Just checked out the "Computer & Video Games" website and it had this:

Sega misery deepens as financials loom Speculation ran rampant last night on the future of Sega, after president Irimajiri's resignation and the prospect of a massive loss announcement this week

Heavy talk spread across the 'net of a buyout of Sega by either Microsoft or Sony last night in the wake of yesterday's Nikkei report that Shoichiro Irimajiri is to step down as president this Friday. The announcement is almost certain to come alongside Sega's financial figures for the fiscal year '99 to 2000, which are expected to show a loss of at least ?300 million.

Mainstream financial press leapt on the story as Sega's position worsened. UK money paper The Financial Times reported that, "Sega's shares, which are down 63 percent since February 9, fell almost 3 percent to Y1,670 yesterday [May 22] despite the company's denial of reports that Shoichiro Irimajiri, its president, would resign because of the poor performance of the Dreamcast game machine."

With Dreamcast sales in Japan falling by over 50 percent behind predicted targets and the imminent release of PlayStation 2, Sega's prospects are looking increasingly bleak, despite a strong showing at E3. The new president, Isao Ohkawa - formerly head honcho of Sega parent company CSK - will oversee the moving of the company onto an increasingly online footing, and is likely to prepare Sega for a merger or buyout of some kind.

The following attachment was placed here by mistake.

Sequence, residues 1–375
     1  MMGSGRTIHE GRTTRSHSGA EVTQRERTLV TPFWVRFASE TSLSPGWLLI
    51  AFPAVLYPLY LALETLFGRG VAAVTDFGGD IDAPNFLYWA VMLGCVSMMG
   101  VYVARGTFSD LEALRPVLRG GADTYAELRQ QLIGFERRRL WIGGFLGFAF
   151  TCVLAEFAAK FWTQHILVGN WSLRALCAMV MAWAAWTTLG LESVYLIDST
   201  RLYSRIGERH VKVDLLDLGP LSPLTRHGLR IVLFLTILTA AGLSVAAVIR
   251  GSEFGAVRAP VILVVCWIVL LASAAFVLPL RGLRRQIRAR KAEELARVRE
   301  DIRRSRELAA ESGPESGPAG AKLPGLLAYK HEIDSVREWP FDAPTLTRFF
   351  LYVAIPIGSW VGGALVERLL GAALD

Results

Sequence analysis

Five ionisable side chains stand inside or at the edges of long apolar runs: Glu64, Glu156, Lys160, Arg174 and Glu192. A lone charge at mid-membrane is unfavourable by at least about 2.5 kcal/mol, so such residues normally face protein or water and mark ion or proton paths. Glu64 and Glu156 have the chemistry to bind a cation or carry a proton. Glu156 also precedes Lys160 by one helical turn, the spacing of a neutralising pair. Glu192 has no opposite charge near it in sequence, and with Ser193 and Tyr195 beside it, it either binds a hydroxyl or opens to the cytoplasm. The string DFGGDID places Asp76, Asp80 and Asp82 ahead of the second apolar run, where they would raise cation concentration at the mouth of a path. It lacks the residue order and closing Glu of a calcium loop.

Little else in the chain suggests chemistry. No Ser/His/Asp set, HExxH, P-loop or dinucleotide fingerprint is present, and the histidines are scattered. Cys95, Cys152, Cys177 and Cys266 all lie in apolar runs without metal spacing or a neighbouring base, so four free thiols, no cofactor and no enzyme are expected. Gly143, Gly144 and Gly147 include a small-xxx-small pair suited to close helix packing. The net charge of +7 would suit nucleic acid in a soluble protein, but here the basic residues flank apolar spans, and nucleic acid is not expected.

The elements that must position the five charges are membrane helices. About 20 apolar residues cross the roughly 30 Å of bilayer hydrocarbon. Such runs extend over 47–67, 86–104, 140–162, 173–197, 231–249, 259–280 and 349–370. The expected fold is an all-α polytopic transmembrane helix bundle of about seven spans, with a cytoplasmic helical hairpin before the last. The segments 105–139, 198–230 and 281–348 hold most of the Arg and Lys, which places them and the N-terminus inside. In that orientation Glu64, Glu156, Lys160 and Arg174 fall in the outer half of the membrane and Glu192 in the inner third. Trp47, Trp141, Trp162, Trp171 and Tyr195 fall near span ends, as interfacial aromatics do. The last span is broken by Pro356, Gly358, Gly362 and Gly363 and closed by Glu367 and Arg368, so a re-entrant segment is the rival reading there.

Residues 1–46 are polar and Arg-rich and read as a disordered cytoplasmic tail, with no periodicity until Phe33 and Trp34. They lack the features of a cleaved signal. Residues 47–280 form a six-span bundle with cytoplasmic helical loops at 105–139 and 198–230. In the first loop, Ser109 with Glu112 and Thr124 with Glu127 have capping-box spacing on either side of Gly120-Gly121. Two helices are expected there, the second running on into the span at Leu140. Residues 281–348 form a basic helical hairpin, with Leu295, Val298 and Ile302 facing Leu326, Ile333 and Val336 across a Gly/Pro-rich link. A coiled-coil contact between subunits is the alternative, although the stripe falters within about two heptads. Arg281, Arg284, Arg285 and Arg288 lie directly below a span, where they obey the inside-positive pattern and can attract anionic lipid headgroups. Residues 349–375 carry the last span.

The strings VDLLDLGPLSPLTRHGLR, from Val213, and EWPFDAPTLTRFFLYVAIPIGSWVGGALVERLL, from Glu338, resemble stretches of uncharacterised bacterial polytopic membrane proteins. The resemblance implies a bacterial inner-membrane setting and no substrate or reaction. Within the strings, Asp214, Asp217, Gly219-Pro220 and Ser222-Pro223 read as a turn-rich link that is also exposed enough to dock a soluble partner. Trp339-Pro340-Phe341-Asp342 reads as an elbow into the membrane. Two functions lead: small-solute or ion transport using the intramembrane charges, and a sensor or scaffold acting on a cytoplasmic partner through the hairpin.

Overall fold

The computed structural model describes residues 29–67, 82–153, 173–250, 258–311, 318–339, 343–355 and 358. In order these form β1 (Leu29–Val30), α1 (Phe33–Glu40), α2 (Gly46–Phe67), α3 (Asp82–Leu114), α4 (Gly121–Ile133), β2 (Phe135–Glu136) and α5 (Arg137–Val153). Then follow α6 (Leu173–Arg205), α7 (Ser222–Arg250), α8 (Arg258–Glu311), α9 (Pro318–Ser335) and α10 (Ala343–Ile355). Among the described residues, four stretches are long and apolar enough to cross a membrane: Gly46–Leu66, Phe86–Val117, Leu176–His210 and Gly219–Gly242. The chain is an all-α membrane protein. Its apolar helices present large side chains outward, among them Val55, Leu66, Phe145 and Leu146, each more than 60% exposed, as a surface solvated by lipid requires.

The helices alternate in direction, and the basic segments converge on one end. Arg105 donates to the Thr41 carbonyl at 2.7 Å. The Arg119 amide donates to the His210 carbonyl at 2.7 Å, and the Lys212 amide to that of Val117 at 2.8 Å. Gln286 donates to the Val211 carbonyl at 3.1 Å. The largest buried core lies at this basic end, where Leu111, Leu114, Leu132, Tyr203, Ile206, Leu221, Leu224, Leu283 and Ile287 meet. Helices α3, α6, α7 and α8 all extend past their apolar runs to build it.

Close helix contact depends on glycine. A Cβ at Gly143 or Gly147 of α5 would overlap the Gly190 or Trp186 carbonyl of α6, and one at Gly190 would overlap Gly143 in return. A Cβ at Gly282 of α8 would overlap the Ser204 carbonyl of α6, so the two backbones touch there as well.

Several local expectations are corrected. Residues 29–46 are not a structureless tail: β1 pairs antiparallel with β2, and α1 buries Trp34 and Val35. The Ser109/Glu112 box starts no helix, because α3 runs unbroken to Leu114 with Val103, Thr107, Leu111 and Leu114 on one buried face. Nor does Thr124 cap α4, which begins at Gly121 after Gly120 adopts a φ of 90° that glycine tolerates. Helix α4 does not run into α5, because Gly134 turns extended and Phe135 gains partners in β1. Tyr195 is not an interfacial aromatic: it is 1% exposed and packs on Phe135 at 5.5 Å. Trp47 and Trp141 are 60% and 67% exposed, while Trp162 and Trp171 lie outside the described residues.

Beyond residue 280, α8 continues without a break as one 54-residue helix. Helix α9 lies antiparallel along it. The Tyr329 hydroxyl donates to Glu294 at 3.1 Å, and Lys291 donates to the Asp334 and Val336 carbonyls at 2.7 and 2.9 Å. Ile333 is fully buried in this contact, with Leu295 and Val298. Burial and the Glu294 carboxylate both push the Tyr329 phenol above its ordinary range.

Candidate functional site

After Friday's announcement, the company will have posted losses for three years in a row. Its marketing strategies now include giving away free copies - probably in the region of 500,000 - of puzzler Chu-Chu Rocket in Europe and 4 million Dreamcast units in the US before 2001, on the proviso that gamers submit to its ISP for two years. The cost will be enormous - just how deep are Sega's pockets?

Patrick Garratt
Wednesday, 24 May 2000

"Computer and Video Games" is the world's first games magazine and currently in its 223rd issue. It's a highly respected British publication from the company that made the Official Saturn Magazine."